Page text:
On world creativity and innovation day, celebrated on April 21st, FEMISE and its researchers’ network gave our editorial committee some insights and analysis on the Mediterranean innovation context
Six days after Leonardo Da Vinci’s birthday was the date chosen by the United Nations to celebrate innovation and creativity in the world. A very symbolic choice, as he was a man of universal spirit, an inventor, an engineer as well as an architect and a painter. De Vinci stands for what the United Nations expect for this international day « To encourage creative multidisciplinary thinking to help us achieve the sustainable future we want ». It is this sustainable future that FEMISE and its network of researchers aim at sketching through their work.
The think tank worked at clearing the field of Mediterranean innovation. Researchers first pictured a portrait of the situation, before making suggestions for developing this sector, « which could represent a hope for the future, to solve daily problems », according to CrowdSolving Yomken’s Tamer Taha.
A future already taking place in fact. All researchers agree to say that the international context, economic competitiveness, and growth partly require innovation. « Innovation is actually the only sustainable way of competing in international markets » states Przemyslaw KOWALSKI (CASE, FEMISE). He adds that « expert competition based on innovation and knowledge provides you with a better prospect of economic development and increasing standards of living ». Meanwhile, the General Manager of OPEE and Kedge Business School professor Maarouf Ramadan says that « the Mediterranean region does not avoid the international questioning on innovation ». He indeed studied the issue a lot, and proposed, with researcher Sonia Ben Slimane, a conceptual framework to achieve efficient and effective National Innovation Systems (NIS). « A lot of potential can be unlocked if Med countries start really looking into what aspects they want to develop » states Maryse LOUIS, (ERF, FEMISE General Manager). She highlights how « as we celebrate the World Innovation and Creativity Day, we are reminded of the challenges that the South med Countries are facing to establish their innovation systems ».
« Investing in research and innovation systems »
«Most countries in the Middle East and North Africa suffer from the so-called missing middle phenomenon, with just a few middle-sized innovative enterprises » adds Markus LOEWE, German Development Institute. The phenomenon is due to 5 factors, including entrepreneurs that « lack access to capital and informational markets » and a of « lack rule of law » which is the most important factor according to the researcher. Maryse LOUIS (ERF, FEMISE) lists the common challenges to the region: low funding of research and development, unclear laws on the IP, coordination between the different actors, the unfavorable private sector environment for Young entrepreneurs and for research.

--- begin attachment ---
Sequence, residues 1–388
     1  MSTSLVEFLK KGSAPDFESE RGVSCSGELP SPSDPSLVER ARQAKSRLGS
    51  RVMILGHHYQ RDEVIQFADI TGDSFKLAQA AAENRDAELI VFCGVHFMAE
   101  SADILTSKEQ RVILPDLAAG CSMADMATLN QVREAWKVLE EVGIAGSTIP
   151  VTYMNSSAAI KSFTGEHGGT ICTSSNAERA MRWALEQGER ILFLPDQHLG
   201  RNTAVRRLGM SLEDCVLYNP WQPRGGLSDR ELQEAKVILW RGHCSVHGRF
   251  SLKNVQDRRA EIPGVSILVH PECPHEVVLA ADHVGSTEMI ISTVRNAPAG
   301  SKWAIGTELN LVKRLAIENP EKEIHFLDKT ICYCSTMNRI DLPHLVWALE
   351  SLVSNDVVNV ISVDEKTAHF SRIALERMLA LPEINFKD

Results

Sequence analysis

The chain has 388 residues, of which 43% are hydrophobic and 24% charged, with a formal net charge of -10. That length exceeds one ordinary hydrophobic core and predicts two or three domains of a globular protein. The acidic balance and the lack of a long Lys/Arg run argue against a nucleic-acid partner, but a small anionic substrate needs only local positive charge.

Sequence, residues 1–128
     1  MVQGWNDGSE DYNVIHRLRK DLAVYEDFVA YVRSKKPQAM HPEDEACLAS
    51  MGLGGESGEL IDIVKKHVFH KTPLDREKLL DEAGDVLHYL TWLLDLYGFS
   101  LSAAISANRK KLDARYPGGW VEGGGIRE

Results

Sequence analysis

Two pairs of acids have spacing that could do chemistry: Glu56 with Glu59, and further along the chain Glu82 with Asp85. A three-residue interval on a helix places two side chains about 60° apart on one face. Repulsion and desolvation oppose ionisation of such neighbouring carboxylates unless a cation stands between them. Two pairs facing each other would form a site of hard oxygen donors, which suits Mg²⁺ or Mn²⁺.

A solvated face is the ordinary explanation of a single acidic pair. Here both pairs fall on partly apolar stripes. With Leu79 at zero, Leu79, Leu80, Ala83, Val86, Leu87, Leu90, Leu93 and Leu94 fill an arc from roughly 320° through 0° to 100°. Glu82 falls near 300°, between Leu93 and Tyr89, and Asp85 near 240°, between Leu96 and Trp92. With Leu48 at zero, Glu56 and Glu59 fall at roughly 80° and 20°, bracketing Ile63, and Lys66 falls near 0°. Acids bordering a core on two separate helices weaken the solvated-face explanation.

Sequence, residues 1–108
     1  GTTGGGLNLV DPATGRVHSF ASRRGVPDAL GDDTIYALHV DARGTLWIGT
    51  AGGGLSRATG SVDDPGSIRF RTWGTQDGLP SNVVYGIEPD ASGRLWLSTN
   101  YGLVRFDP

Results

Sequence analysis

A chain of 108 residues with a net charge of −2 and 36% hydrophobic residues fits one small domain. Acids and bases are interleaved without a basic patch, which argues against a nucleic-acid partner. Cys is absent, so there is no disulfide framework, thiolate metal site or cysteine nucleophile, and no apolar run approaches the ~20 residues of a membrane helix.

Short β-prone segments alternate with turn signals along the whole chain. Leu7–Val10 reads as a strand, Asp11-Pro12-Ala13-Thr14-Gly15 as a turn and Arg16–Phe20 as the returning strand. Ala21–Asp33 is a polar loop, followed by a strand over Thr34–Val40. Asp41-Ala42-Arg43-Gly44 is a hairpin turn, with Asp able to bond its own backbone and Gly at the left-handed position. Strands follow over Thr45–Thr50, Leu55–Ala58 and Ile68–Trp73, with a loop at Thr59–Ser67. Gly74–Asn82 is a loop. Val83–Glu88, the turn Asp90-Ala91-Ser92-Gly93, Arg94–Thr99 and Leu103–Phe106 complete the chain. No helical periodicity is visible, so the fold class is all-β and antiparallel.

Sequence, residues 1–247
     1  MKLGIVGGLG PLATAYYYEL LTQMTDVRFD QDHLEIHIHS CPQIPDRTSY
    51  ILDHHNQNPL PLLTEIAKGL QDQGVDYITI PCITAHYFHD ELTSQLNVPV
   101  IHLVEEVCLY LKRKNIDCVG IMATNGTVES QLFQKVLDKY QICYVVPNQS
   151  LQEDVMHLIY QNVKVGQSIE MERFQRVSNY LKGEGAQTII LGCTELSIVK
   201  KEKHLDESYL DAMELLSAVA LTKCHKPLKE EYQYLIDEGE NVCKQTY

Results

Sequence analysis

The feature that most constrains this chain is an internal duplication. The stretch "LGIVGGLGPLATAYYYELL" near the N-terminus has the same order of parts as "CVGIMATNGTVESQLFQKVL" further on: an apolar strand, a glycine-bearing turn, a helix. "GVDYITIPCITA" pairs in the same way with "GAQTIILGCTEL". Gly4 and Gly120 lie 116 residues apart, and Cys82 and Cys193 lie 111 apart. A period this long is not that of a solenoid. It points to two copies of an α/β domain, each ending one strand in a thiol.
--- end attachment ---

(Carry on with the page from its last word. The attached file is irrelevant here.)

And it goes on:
Thus, change can be an opportunity for systematic innovation. But how can it be achieved? Dalia Seif (FEMISE and ERF) specifies that under the work produced by FEMISE within the EU-funded TheNextSociety project « we have created a Scoreboard with more than 80 variables to measure the performance of innovation in the South Med countries ». This work « is about looking into more details of the innovation performance in these countries from different aspects: institutional, economic and social to be able to point to the challenges in each country and provide a road-map on how to establish an innovation system in these countries ».
For Sonia Ben Slimane, « there is a necessity to invest in research and education systems », in order to « promote an innovative and creative culture » the researcher explains. She delivers a set of recommendations, from a bigger conciliation between industries and education and research systems to intellectual property protection, not forgetting to mention the financial issue. Yomken is central to this question. Through what it calls « challenges », the Egyptian platform matches companies, NGOs and industries with « young people with creative and innovative ideas » Yomken founder Tamer Taha points out. The platform is managed from Cairo, in several countries.
« Social innovation is also a way of addressing the needs of societies in a more effective and efficient way » states Katarzyna SIDLO (CASE, FEMISE). Success stories of social innovations in the MENA region include childcare services to allow women to go back to education or to the labor market, as well as initiatives to providing training and work opportunities for refugees.
The financial allocation issue is also addressed by Dr. Jocelyn Ventura from FEMISE. He lists some sectors like aeronautics in Morocco, pharmaceutics in Lebanon and Jordan, and praises a strategy in which « local decision-makers allocate resources in well-identified sectors ». Promoting an innovative, creative and developing environment would allow for the Schumpeterian entrepreneur to become the economic revolutionary, following his theory. “
by the Ecomnews Med editorial team in collaboration with FEMISE